Microsoft has released the Visual Studio 2012 Release Candidate. This release is marked in conjunction with Steven Sinofsky's official announcement regarding the availability of the Windows 8 Release Preview. Several improvements have been made to the Release Candidate since the Windows 8 Developer and Consumer Previews were released last September and February, respectively. Jason Zander, corporate vice president for the Visual Studio division, wrote a blog outlining what's new in the Visual Studio 2012 Release Candidate.
Microsoft has made two noticeable changes to its branding strategy for Visual Studio. First, Visual Studio now includes a new logo, which can be seen on Zander's blog post. In addition, the IDE is no longer code-named "Visual Studio 11." The official release to manufacturing (RTM) name is now Visual Studio 2012, which indicates that it will be released by the end of the year.
Most developers will be glad to hear that significant improvements have been made to Visual Studio's UX, which initially received a slew of criticism from developers since the announcement of the Developer Preview. Michael K. Campbell, contributing editor for Dev Pro, wrote extensively on the developer community's feedback regarding Visual Studio's UX in his article, "Microsoft's Visual Studio Strategy has Major Problems." In the Release Candidate, Microsoft has incorporated changes to provide developers with more visual contrast within the GUI, consistent use of Metro's styling, and colorful and recognizable icons. Microsoft's Visual Studio blog provides several images that depict these changes.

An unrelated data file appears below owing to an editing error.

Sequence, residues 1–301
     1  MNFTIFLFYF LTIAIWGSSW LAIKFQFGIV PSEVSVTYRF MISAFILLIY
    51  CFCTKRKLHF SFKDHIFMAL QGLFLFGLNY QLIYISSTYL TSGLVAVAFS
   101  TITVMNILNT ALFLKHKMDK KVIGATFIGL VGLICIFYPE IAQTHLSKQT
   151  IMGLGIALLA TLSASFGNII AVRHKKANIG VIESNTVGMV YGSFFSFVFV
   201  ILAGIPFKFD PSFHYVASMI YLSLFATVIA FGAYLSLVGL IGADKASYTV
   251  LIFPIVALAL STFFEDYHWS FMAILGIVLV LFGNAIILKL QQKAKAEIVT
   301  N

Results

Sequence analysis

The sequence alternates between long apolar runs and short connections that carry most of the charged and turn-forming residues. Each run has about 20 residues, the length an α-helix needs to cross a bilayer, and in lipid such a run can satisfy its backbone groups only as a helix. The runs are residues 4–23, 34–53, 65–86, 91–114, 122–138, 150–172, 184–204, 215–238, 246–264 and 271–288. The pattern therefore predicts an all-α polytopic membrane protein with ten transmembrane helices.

Several enhancements have been included for developers who will be building Metro-style applications with the Release Candidate. New application templates in this release include a Windows Runtime (WinRT) template for C# and Visual Basic developers, as well as a DLL project template for C++ developers. In addition, Microsoft has included keyboard, mouse, and touch-gesture support for applications.
Furthermore, improvements have been made to Metro apps that use XAML. In particular, the Visual Studio XAML and Blend designers now let developers preview and edit the design of their Metro apps in several visual states such as FullScreenLandscape, FullScreenPortrait, Filled, and Snapped. Developers can also now add theme animations to their app's visual states with the Blend's visual state design feature. In addition, there's XAML support for the Direct2D template, and the XAML Blank App has been simplified. To learn more about how these new features work, see Zander's blog post.
The Visual Studio 2012 Release Candidate ships with a "Go Live" license, which lets developers build and deploy production applications immediately. Dev Pro wants to hear your thoughts on the Visual Studio 2012 Release Candidate. Are you happy with the changes the Visual Studio team has brought to the Release Candidate? Tell us!